2

 

 

 

We believe that the combination of our business strategies and philosophies is key to giving us a greater competitive advantage and differentiating us from our competitors. These include the following:

 

Lifestyle Focus – We focus on developing healthier and functional beverages in response to a global shift in consumer buying habits. As health and wellness awareness grows, consumers are turning to drinks with reduced calories, wholesome ingredients and efficacy to meet their specific lifestyle needs. We are committed to tailoring the variety and types of beverages in our portfolio to satisfy changing preferences of an increasingly diverse mix of ‘crossover consumers’ a growing group who desire a change from Carbonated Soft Drinks and other artificially flavored, artificially sweetened beverages.

 

Fantasy of Flavors – Throughout our product lines, we emphasize distinctly flavored beverages. Although cola drinks account for approximately 50% of the soft drink industry’s domestic grocery channel volume, colas account for less than 20% of our total volume. In the higher margin convenience store channel, flavors represent 54% of soft drink sales and are outpacing colas. Our flavor development spans 125 years and originated with our flagship brands, Shasta® and Faygo®, each of which offers more than 30 flavor varieties.

 

Regional Share Dynamics – This is our term for the philosophy we employ for the development and support of our brands that have significant regional presence. Because we tailor our marketing and promotion programs by locale, we believe many of our brands enjoy a regional identification that fosters long-term consumer loyalty and make them less vulnerable to competitive substitution. In addition, “home-town” products often generate more aggressive retailer sponsored promotional activities and receive media exposure through community activities rather than costly national advertising.

 

Quality-Value Ethic We believe that consumers demand value as the purchase default option in volatile economic times, and we are intent on producing and developing products of the highest quality that appeal to the value expectations of the family consumer. We believe we can leverage our cost-effective manufacturing and distribution systems, and our efficient regionally focused marketing programs, to profitably deliver products to the consumer at a lower price-point than our national competitors.

 

Creative Agility – In a beverage industry that is dominated by the “cola giants”, we pride ourselves on our ability to respond faster and more creatively to consumer trends than many of our competitors who are burdened by distribution complexity and legacy costs. We strive to build long-term brand value by developing creative marketing programs, propriety flavors and distinctive packaging. In recent years, we have introduced numerous new flavors or package sizes and have won many package design awards. We continue to develop products and package sizes designed to expand distribution. We believe that the most dynamic validation of our strategy is our competitors’ efforts to replicate our creative business model.

 

PRODUCTS

 

The National Beverage Corp. brand portfolio contains a wide variety of beverages to meet consumer needs in a multitude of market segments. National Beverage employs its flavor expertise with beverage offerings including, but not limited to, the following non-alcoholic beverage segments:

 

Carbonated Soda: Sugar Free, Regular, and Reduced Calorie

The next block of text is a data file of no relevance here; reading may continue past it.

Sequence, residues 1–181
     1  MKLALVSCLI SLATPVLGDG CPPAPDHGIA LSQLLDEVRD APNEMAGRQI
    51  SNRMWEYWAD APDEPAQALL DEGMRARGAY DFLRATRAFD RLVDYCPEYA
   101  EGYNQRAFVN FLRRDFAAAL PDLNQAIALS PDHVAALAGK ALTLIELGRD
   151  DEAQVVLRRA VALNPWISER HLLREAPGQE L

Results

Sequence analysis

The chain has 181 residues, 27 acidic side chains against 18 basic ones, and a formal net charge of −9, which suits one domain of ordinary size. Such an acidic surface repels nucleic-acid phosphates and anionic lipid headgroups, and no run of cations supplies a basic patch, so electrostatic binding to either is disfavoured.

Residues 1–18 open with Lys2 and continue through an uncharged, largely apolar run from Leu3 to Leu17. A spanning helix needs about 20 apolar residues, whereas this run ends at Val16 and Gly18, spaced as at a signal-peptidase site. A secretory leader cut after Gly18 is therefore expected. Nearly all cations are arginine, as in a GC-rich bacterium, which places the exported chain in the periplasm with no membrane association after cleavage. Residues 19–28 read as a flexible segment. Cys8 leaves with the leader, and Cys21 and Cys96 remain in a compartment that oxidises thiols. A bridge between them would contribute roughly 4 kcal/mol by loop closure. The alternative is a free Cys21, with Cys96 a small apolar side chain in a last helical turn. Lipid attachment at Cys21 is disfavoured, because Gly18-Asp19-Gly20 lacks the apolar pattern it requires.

Sparkling Waters

Spring Water

Enhanced Water

Energy Drinks and Shots

Functional Beverages and Sports Drinks

Juice and Juice Drinks

Teas and Lemonades

 

 

 
 3

 

 

  

Power+ Brands –

 

LaCroix

100% all natural LaCroix® Sparkling Water is setting the pace in the Sparkling Water segment that is fast becoming the alternative to traditional carbonated soda. Calorie, Sweetener, Sodium Free LaCroix has the support of major national chains and is the top selling domestic Sparkling Water packaged in cans.

 

LaCroix’s dynamic new “theme” LaCroix Cúrate™ “Cure Yourself” celebrates French sophistication with Spanish zest with two bold flavors Cerise Limon (cherry lime) and Pomme Baya (apple berry) in tall 12 oz. consumer-favored cans. Brilliant graphics, robust aroma, naturally “Essenced” and premium priced, Cúrate is a trendsetting addition to a brand that is the healthy alternative for trend forward consumers.

 

Additional LaCroix themes are in development with unique packaging, ground breaking flavor concepts and a go-to-market strategy designed to provide additional placements within the retail environment outside the traditional grocery shelf.

 

Rip It

Rip It® energy fuel is the flavor innovator in the growing energy category with 14 unique flavors including six sugar free, bringing variety and value to the widening consumer base. Rip It “Tribute” themed energy is a successful military inspired addition to the lineup with the latest addition Tribute CYP-X Orange Crème. Building on the flavor tradition of original Rip It, a 2 oz. sugar free shot version with seven flavors is marketed through our distribution system in multiple displayable package configurations.

 

 

 
 4

 

 

 

Everfresh

Everfresh® 100% juice and juice drinks are available in over 30 flavors, from such classics as Orange, Cranberry and flavored lemonades to exotics that include Blueberry Pomegranate and Pineapple Mango. Originating in the Midwest, the Everfresh signature package is a hot-filled, 16 oz. glass bottle primarily for single-serve consumption. Additional consumer friendly packages range from 10 oz. to 64 oz.

 

Everfresh Premier Varietals™, a new theme from Everfresh positioned as a stand-alone brand to primarily be displayed in the produce section, is a premium line of 100% natural apple juice from a variety of apples specific to the taste of the varietal, such as Granny Smith, McIntosh, Honey Crisp, Golden Delicious, Fuji and the new Pink Lady. The Premier Varietals is packaged in an award-winning 12 oz. glass bottle with a decorative tamper evident neck seal.